Just a month after Nicola Sturgeon announced her decision to resign as SNP leader - and, thus, First Minister - her party is in meltdown. Colleagues, once bound together by loyalty to the independence cause, are fighting like ferrets in a sack and the departure of the SNP’s chief spin doctor has exposed a culture of dishonesty which saw the party of government blithely lie to the Scottish people.
Yesterday, facing the threat of a vote of no confidence by the party’s ruling National Executive Committee, Sturgeon’s husband, Peter Murrell, resigned as SNP Chief Executive with immediate effect. A man once praised by colleagues as a strategic mastermind had become a liability.
Under Sturgeon’s leadership, SNP discipline was once utterly rigid. She and Murrell ran a tight ship. Dissenting voices and other troublemakers could expect to be thrown overboard.
That culture of enforced unity crumbled within days of the start of the contest to find a new leader. Debates between candidates - Health Secretary Humza Yousaf, Finance Secretary Kate Forbes, and former community safety minister Ash Regan - have been bad tempered affairs, exposing huge ideological splits in a party which places independence above all else. Anonymous briefings against rivals by campaign teams have deepened division.
This infighting is, of course, a matter for the SNP. For the rest of us, it’s just a grim spectacle.
But where SNP problems become Scotland’s problems is when the integrity of the process by which the next leader will be elected is called into question.
The campaign teams of both Forbes and Regan have done this. And, well, the instinct when they first spoke out was to dismiss them as conspiracists. What, specifically, were their concerns? What evidence did they have that anything untoward was taking place?
That changed when both candidates demanded Murrell publish up-to-date figures on membership.
Since 2021, the SNP had repeatedly maintained that it had more than 104,000 paid-up members. News reports of falling membership were furiously denied.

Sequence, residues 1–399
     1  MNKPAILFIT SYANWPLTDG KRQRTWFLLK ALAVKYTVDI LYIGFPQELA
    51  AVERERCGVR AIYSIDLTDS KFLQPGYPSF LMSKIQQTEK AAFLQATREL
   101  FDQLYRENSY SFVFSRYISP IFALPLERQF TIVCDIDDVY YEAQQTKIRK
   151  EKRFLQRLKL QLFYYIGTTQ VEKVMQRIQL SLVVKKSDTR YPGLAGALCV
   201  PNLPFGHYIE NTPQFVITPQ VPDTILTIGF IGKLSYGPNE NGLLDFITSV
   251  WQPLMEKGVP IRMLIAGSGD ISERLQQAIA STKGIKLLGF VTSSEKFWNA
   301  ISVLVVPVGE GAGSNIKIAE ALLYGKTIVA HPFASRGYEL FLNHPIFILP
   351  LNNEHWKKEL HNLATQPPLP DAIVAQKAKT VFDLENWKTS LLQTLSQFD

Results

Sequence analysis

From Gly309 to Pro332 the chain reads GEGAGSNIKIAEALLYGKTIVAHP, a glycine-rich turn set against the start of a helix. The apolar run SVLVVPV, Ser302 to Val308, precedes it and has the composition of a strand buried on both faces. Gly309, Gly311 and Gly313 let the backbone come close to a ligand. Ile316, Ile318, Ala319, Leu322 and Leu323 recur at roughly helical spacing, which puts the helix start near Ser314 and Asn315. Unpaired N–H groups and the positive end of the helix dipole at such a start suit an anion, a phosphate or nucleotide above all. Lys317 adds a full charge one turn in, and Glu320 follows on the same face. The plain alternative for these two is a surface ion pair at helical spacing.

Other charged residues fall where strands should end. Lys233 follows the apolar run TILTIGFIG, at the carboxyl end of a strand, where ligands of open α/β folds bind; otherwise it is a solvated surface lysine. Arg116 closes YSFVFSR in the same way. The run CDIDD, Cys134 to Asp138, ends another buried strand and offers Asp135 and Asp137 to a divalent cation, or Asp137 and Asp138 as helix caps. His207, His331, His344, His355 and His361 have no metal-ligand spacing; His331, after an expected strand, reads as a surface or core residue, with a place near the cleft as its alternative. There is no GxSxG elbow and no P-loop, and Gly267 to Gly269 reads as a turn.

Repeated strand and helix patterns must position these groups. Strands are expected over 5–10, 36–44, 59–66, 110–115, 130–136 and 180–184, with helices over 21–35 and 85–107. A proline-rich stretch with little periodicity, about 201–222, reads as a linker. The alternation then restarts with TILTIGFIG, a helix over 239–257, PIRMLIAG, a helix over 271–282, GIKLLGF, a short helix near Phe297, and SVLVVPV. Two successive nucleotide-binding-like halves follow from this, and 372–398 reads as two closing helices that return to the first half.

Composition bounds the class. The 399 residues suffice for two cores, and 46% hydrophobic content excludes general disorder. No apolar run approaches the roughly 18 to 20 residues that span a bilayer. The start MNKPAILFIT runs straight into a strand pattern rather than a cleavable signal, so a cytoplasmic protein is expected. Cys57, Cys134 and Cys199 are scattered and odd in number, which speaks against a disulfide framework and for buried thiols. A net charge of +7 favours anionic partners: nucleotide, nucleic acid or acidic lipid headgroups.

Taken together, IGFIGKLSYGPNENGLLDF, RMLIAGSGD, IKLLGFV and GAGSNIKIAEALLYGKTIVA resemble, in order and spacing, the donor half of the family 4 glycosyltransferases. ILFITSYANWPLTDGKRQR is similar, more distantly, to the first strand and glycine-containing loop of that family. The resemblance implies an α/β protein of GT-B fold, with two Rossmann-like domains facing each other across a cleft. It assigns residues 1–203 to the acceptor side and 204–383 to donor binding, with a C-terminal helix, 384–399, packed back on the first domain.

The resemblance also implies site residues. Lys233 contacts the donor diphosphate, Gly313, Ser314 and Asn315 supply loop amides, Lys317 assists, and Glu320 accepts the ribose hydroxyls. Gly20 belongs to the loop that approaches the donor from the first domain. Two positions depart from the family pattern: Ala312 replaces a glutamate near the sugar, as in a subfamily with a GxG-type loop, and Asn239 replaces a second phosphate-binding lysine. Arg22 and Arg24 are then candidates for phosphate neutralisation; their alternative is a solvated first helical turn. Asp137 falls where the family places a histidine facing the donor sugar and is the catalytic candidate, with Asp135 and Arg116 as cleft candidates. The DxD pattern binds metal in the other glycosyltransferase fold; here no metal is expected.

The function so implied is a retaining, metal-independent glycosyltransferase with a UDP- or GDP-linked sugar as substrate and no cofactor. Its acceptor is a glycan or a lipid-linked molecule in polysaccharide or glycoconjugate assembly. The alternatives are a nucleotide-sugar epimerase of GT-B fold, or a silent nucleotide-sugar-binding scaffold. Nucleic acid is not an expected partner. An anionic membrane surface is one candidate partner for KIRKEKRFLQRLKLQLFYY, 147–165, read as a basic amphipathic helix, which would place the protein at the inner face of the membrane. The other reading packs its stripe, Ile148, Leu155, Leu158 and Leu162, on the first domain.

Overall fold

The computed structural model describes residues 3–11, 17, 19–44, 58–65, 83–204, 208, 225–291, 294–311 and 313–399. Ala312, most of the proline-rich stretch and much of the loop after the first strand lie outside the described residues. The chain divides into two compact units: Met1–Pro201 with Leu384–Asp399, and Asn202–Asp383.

As recently as February of this year, the party not only rubbished a report that more than 30,000 people had torn up their membership cards, it ridiculed the journalist who wrote it.
On Thursday, under pressure from Regan who threatened to hold a press conference on the matter if the party didn’t come clean, the SNP revealed membership stood at 72,000.
The party had rubbished a perfectly accurate report. It had shown itself willing to deceive the public.
On Friday afternoon, the SNP’s communications chief at Holyrood, Murray Foote, announced his resignation. His statement made clear that he had issued a denial of the report based on information supplied to him by the party. Basically, the SNP had made a liar of Foote and he was not willing to put up with it.
For the sake of openness, I should declare that I've known Murray Foote for 25 years. I spent three years working for him as a reporter when he was news editor of the Daily Record and he was always fair, decent, and kind. And, though our dealings might have become more tense when he made the move into the world of political communications, we have remained pals.
Foote is a rare creature in the cut-throat world of journalism. He is widely admired and respected. His deserved reputation as a straight dealer was gold to the SNP. It was morally indefensible - and politically foolish - for the party to put Foote in a position where he had, without knowing, misled journalists. They have lost a talented member of staff. And Murrell has, quite rightly, paid with his job. He was, as he admitted in his resignation statement, responsible for Foote’s false statement.
Had Regan not threatened to hold her press conference, it’s clear the SNP would have continued to withhold the truth from leadership candidates. This would have been intolerable.
The vote for Sturgeon’s successor opened last Monday and many of those taking part will have made their decision before the truth about he party’s institutional dishonesty was made public.
Regardless of who members chose - whether the party establishment’s favoured candidate, Yousaf, or one of the “outsiders” - as things stand, it is clear that, at best, doubts over the integrity of the process will linger.
This is no longer a contest which the SNP can be trusted to oversee.
Murrell’s departure from the scene was essential if trust is to be restored. But the SNP must go further.
The current leadership race should be scrapped. All candidates should be supplied with completely accurate membership lists and an independent body must run every aspect of a new contest.
I am sure even Nicola Sturgeon’s preferred candidate, Humza Yousaf, would agree it is essential voters may be confident Scotland's next First Minister achieves office without even the tiniest space for doubt about the integrity of the process.
If the party continues with the current election contest, the likelihood that the result will be challenged seems high.
For decades, the SNP has camped on the moral high ground, denouncing other parties as corrupt and self-serving. The facade of superiority is now shattered.
A Police Scotland investigation into what happened to funds supposedly ring-fenced to pay for an independence campaign that looks less likely to happen by the day gathers pace. There are, I suspect, more difficult days to come for the SNP.
Scotland deserves better than this. The SNP has not only taken its supporters for granted, it's taken the rest of us for fools.